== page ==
Photography historian and photographer. Gernsheim was born to Karl Gernsheim a literary historian at the University of Munich and Hermina Scholz (Gernsheim). He completed his Abitur in 1933 and studied art history in Munich from 1933-1934. Despite his father’s conversion to Christianity, the younger Gersheim was forced to abandon his schooling when the Nazi government forbade those “non-Aryan descent” in universities. Between 1934-1936 Gernsheim retrained to a more practical occupation, photography, at the State Institute for Photography in Munich, graduating with a journeyman's level.
Director, Essener Kunstmuseum 1909-1922, major exhibitor of German Expressionism. Between 1891 and 1896 Gosebruch studied philology in Munich, Geneva and Berlin. He taught as a private tutor until 1903 when he joined the the Essen museum as an unpaid assistant. During the same time he studied art history in Paris and Berlin, the latter venue under Heinrich Wölfflin. After a second undergraduate degree in art history in 1906, he was appointed in 1909 Director of Essen art museums, a diverse art collection.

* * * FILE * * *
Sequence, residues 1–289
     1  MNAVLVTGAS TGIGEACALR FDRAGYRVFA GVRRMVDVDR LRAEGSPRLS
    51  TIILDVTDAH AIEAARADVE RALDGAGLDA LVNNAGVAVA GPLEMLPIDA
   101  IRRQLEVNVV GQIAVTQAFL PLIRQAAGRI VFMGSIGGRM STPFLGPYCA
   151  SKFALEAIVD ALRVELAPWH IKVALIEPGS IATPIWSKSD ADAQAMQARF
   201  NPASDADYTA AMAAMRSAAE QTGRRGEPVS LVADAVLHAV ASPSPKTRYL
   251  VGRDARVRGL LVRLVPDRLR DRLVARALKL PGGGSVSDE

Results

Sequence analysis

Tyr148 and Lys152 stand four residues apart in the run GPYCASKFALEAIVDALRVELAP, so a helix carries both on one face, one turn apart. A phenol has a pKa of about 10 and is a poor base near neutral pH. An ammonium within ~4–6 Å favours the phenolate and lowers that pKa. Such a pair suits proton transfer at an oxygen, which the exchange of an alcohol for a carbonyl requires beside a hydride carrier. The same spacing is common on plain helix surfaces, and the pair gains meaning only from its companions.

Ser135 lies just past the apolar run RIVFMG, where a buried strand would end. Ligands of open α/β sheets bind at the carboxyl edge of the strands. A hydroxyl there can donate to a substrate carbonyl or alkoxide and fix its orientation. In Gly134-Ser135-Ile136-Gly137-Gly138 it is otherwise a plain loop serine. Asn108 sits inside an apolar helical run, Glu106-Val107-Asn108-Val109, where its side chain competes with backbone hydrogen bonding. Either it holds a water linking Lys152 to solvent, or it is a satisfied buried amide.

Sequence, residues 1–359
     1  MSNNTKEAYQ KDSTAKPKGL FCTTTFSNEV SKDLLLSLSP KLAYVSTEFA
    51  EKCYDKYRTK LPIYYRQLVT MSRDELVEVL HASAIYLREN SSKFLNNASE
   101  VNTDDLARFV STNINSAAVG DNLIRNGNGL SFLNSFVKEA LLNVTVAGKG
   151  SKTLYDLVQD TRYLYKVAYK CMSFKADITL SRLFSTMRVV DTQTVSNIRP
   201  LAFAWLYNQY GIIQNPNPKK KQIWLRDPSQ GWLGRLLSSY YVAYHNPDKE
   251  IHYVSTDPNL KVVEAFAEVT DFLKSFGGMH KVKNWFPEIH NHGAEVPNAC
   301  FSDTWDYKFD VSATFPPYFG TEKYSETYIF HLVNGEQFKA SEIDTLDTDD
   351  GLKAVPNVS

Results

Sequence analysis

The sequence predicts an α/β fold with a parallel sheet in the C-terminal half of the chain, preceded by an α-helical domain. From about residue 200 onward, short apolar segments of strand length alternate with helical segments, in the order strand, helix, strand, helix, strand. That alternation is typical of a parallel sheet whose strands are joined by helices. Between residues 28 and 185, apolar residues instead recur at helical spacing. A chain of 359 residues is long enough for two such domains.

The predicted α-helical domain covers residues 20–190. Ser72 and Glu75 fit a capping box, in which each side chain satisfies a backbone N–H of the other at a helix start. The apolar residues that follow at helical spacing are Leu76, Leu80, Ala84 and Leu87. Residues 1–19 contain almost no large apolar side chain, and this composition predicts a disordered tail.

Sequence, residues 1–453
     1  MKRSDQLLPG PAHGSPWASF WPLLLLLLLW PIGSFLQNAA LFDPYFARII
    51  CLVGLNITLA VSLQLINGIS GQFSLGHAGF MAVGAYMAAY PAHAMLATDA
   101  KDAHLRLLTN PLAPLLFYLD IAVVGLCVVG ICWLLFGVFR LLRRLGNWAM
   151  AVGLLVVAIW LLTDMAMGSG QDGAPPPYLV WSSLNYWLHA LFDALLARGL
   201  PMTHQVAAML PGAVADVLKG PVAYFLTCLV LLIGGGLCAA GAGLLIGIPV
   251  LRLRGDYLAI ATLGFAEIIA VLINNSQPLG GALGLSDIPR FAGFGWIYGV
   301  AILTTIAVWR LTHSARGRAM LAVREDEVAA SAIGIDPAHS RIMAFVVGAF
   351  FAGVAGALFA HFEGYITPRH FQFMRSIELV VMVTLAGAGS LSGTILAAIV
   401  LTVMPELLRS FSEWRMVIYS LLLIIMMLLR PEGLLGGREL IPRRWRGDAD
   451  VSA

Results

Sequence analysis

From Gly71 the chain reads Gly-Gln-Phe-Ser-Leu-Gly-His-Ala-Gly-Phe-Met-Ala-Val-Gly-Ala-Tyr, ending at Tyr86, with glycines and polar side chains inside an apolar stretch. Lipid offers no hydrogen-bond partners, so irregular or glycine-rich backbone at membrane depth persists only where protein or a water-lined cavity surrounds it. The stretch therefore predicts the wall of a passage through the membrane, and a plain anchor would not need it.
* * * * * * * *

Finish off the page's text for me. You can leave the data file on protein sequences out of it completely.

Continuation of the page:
Marxist art historian, Expressionism exponent and later detractor and post-war German diplomat. Hausenstein's parents were Wilhelm Hausenstein (senior) and Clara Baumann (Hausenstein) (d.1937). His father was a financial officer for the duchy of Baden. After graduating from the Gymnasium in Karlsruhe in 1900, he traveled in the typical German fashion between universities, Heidelberg, Tübingen and Munich studying philosophy, classical philology, history and economics--and heard the art history lectures of Karl Voll.
Specialist in Etruscan and classical Greek and Roman art, particularly architectural history, and large mosaics and paintings. Herbig was the son of Etruscan scholar Gustav Herbig (1868-1925). He was wounded while fighting in World War I. After the war he studied at the universities of Rostock, Breslau and finally Heidelberg, where he was awarded his degree. His dissertation was on windows in ancient architecture, Das Fenster in der Architektur des Altertums, granted in 1925 (published in 1929). He further studied during travels to Italy and Greece.